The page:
It is up to states to close the loopholes in Obama’s order, and New Jersey, New York and California have done just that by passing laws banning the sale of ivory within their borders. There is currently a bill sitting in the House Judiciary Committee that would do the same in Massachusetts.

Please join me in urging the Massachusetts state legislature to pass Bills S.440 and H.1275 banning the import, in-state, and internet sale and distribution of ivory and rhino horns.

On average, 96 elephants are killed for their tusks every day, and 1,200 rhinoceroses are killed annually. They are killed using AK47s, poisoned watermelons, cyanide dumped in watering holes, and poisoned darts that lead to weeks of extreme suffering before they die. Their tusks or horns are often hacked off while the animal is still alive. At this rate, these keystone species could be extinct within 20 years.

Poaching is also a national security issue, as extremist groups and terrorist organizations are often involved in wildlife trafficking, using it to finance their military operations. Wildlife trafficking is among the top 5 criminal markets worldwide alongside narcotics, weapons, human trafficking, and counterfeiting.

Action is needed before May 2nd, 2016, when the Judiciary Committee gives its recommendation on the Bill.

Let's urge our lawmakers to partner with the world in saving elephants and rhinos. Sign my petition asking them to pass these bills banning the ivory trade within Massachusetts borders.
This petition will be delivered to:

State Senator: William Brownsberger
State Representative: John Fernandes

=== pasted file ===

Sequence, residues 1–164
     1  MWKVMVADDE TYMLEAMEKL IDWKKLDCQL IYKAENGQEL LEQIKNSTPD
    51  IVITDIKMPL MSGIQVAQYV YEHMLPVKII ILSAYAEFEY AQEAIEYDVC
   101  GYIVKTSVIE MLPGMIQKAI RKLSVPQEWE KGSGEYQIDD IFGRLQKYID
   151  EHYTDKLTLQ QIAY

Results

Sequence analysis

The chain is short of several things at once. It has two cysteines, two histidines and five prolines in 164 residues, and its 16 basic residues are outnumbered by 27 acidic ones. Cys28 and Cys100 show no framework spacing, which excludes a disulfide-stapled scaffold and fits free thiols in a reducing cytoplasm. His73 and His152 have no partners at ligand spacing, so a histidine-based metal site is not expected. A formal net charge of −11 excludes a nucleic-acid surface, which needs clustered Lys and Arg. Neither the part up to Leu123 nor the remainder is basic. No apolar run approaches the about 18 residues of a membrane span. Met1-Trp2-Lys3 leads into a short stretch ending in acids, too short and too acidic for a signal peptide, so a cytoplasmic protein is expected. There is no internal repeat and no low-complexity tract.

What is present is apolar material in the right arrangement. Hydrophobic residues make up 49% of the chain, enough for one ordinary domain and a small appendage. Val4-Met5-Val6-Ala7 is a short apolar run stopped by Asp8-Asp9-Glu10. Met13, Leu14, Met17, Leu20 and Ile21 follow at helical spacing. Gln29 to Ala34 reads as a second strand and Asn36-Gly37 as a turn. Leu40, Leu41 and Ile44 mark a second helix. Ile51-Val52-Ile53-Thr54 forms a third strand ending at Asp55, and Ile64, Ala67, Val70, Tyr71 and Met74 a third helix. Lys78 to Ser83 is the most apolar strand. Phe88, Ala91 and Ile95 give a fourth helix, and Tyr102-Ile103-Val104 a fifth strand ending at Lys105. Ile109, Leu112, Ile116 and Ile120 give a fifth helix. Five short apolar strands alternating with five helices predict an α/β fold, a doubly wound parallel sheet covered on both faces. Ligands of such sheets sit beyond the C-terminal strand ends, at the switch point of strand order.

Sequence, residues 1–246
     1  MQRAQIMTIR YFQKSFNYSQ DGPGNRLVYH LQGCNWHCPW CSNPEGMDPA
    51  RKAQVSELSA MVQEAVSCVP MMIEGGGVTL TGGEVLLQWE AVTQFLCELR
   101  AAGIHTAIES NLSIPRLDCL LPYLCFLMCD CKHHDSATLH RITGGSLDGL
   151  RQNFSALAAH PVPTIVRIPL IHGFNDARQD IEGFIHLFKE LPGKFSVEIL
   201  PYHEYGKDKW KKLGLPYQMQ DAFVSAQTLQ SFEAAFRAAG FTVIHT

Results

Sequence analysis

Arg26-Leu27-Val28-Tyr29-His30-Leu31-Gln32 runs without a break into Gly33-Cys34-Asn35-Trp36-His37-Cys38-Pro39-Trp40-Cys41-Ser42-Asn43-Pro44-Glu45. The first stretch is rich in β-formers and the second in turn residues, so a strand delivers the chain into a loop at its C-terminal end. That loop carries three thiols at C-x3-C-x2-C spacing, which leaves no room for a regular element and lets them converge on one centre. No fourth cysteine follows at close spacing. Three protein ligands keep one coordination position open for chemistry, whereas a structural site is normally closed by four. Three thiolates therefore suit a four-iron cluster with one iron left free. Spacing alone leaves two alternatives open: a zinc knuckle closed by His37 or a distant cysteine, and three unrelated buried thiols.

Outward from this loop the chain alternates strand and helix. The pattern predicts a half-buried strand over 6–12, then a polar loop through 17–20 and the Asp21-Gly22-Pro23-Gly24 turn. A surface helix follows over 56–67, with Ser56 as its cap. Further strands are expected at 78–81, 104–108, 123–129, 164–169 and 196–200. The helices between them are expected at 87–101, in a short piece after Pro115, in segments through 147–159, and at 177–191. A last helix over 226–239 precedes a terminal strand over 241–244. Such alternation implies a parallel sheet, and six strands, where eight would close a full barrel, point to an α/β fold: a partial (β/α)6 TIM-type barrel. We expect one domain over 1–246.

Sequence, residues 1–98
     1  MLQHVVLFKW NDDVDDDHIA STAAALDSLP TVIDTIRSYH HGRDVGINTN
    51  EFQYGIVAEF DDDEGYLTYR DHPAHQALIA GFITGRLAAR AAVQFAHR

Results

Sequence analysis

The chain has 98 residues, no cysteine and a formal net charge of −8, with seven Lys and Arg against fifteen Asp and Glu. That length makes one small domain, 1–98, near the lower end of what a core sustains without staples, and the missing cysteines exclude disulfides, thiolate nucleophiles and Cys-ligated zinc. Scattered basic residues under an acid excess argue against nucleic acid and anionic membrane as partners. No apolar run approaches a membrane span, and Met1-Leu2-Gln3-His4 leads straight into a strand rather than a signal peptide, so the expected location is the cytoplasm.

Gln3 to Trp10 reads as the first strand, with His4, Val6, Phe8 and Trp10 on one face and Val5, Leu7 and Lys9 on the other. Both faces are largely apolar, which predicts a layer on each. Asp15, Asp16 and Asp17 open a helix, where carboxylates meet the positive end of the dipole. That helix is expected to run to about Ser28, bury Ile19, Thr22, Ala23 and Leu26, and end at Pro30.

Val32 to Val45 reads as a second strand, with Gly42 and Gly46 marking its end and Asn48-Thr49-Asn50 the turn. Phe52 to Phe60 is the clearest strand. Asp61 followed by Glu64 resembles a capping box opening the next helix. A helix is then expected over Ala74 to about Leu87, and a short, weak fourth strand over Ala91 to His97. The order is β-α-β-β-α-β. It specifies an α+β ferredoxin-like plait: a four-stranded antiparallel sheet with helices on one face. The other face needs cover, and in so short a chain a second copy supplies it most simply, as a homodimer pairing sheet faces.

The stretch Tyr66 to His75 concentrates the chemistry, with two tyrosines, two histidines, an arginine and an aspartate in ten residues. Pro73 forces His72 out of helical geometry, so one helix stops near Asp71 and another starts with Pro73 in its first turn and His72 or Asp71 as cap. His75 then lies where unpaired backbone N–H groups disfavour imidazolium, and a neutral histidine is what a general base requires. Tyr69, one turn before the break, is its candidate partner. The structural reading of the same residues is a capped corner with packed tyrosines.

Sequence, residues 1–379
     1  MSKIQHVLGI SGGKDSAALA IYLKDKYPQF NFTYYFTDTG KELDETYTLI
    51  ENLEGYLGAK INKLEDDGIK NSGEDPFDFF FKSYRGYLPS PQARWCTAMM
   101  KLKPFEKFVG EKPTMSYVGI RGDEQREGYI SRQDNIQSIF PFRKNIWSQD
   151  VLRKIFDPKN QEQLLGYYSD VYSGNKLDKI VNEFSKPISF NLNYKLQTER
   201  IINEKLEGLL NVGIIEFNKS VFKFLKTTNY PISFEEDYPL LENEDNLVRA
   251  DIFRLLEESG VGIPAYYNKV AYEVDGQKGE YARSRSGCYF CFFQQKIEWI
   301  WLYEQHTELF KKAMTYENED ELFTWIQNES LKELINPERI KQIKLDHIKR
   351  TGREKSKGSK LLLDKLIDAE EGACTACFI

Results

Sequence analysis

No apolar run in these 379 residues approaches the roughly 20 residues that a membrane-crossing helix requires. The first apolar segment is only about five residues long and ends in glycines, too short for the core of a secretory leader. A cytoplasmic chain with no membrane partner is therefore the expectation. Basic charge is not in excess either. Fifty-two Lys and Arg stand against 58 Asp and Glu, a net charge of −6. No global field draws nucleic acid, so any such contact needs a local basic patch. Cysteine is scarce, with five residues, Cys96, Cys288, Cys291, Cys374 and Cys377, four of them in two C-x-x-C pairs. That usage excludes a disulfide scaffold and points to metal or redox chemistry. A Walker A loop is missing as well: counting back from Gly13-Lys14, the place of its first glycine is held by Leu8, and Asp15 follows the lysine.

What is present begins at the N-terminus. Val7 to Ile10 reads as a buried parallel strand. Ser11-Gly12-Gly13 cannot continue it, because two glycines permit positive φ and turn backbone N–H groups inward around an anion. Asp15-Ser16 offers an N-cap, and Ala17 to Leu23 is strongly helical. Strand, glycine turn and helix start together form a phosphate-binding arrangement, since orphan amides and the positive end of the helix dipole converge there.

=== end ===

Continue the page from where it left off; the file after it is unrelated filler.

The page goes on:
State Senator: Jason Lewis
State Representative: Lori Ehrlich

The last 300 desert elephants of Mali urgently need your help. 
Mali elephant
The Gourma region of central Mali, West Africa, is home to one of the world's last herds of desert elephants.

Poachers have slaughtered 16 elephants since January, with over 80 killed in 2015. At this rate, the remaining 300 could be gone in three years unless the Malian government does more to protect them from poachers. The situation is urgent.

You can help me save them by telling the Malian Environment Minister to do more to save the last of the desert elephants.

Be a voice for the voiceless 

Mali's elephants are all that remain of a population of elephants that once stretched across the Sahel from the Atlantic Ocean to the Red Sea. They make the longest annual migration of all elephants and are the most northerly on the continent.

They're disappearing at an alarming rate and could go extinct much sooner than other African elephants.

Poachers have taken advantage of the political unrest and violence in the lawless north to step up ivory trafficking.

Help us save the last 300 

In a world where so many elephants are brutally slain for their ivory tusks and threatened with extinction, every elephant matters.

That's why we're calling on the government of Mali to protect these elephants from poaching and tackle ivory trafficking while there's still time to save the country's last herd.

Please sign and share this message showing your support and urging the Malian government to act now to protect the last 300 elephants of Mali. 

Act now to protect these elephants  

Thank you for all you do for elephants and other animals,